Book III: The Moral Ideal and Moral Progress.

Chapter I: Good and Moral Good.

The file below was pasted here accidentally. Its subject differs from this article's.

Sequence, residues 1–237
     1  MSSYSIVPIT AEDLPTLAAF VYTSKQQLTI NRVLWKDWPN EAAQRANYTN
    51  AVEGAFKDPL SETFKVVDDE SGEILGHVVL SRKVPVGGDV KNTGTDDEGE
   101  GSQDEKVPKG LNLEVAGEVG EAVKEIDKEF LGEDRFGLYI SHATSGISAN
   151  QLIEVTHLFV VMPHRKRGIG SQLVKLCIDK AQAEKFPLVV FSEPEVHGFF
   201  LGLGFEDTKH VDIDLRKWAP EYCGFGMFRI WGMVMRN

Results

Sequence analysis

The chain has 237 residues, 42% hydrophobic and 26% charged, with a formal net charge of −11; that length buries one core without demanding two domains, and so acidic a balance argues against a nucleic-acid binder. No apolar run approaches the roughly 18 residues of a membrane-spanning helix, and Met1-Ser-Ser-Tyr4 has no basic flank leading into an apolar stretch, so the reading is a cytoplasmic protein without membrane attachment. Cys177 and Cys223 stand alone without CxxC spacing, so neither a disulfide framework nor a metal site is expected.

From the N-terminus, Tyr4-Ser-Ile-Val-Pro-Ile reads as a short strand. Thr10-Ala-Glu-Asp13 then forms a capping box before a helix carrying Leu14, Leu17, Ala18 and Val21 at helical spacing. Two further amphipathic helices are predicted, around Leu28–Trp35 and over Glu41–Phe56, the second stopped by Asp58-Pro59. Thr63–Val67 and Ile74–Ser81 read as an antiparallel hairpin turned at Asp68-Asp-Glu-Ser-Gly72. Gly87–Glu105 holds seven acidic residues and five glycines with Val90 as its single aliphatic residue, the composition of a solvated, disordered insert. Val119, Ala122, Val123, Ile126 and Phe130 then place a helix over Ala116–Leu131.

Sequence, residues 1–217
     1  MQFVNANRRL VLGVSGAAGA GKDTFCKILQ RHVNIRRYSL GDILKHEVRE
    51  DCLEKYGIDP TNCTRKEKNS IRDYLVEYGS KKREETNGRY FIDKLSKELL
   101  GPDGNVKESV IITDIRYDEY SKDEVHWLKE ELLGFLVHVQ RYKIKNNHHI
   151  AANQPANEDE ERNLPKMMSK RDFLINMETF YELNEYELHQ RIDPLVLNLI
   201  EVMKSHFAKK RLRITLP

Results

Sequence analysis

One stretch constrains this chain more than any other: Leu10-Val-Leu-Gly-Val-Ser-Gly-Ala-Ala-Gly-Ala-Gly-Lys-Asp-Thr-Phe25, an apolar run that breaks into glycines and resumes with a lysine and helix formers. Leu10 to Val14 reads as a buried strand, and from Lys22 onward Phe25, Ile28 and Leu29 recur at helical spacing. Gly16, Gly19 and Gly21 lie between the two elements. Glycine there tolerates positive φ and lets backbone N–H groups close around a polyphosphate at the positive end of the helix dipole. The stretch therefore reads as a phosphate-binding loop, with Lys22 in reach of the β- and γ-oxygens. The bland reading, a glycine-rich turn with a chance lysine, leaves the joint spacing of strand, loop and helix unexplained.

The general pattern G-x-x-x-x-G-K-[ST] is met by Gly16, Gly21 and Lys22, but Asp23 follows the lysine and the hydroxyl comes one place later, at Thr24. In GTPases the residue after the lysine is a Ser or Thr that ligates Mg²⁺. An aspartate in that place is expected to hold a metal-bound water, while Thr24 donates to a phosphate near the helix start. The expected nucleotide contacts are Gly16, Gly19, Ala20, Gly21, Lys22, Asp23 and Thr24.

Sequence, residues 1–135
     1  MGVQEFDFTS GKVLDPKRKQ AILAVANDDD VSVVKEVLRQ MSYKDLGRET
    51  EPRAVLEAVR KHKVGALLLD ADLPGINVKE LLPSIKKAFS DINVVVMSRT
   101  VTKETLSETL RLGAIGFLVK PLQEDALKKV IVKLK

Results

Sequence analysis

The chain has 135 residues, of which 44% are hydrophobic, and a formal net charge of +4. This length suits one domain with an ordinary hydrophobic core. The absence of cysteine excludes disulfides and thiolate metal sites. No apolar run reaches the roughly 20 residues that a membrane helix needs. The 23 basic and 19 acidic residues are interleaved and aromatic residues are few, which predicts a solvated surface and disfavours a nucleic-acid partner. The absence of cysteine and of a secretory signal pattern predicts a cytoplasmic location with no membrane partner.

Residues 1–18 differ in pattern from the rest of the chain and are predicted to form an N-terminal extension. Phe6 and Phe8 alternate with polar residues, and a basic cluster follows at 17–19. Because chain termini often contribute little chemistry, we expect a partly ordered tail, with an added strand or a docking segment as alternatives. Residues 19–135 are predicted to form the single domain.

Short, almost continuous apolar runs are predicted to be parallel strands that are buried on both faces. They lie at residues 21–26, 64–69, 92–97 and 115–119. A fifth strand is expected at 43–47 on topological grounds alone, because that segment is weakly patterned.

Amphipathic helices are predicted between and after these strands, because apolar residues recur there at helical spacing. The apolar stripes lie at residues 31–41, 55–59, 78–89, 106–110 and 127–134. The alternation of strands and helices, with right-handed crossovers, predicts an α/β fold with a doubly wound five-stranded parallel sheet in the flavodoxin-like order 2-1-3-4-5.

The reason and will of man have their common ground in that characteristic of being an object to himself which, as we have said, belongs to him in so far as the eternal mind, through the medium of an animal organism and under limitations arising from the employment of such a medium, reproduces itself in him. It is in virtue of this self-objectifying principle that he is determined, not simply by natural wants according to natural laws, but by the thought of himself as existing under certain conditions, and as having ends that may be attained and capabilities that may be realised under those conditions. It is thus that he not merely desires but seeks to satisfy himself in gaining the objects of his desire; presents to himself a certain possible state of himself, which in the gratification of the desire he seeks to reach; in short, wills. It is thus, again, that he has the impulse to make himself what he has the possibility of becoming but actually is not, and hence not merely, like the plant or animal, undergoes a process of development, but seeks to, and does, develop himself. The conditions of the animal soul, servile to every skiey influence,[MEASURE FOR MEASURE III. i. 9] no sooner sated than wanting, are such that the self-determining spirit cannot be conscious of them as conditions to which it is subject—and it is so subject and so conscious of its subjection in the human person—without seeking some satisfaction of itself, some realisation of its capabilities, that shall be independent of those conditions. (§175 ¶1)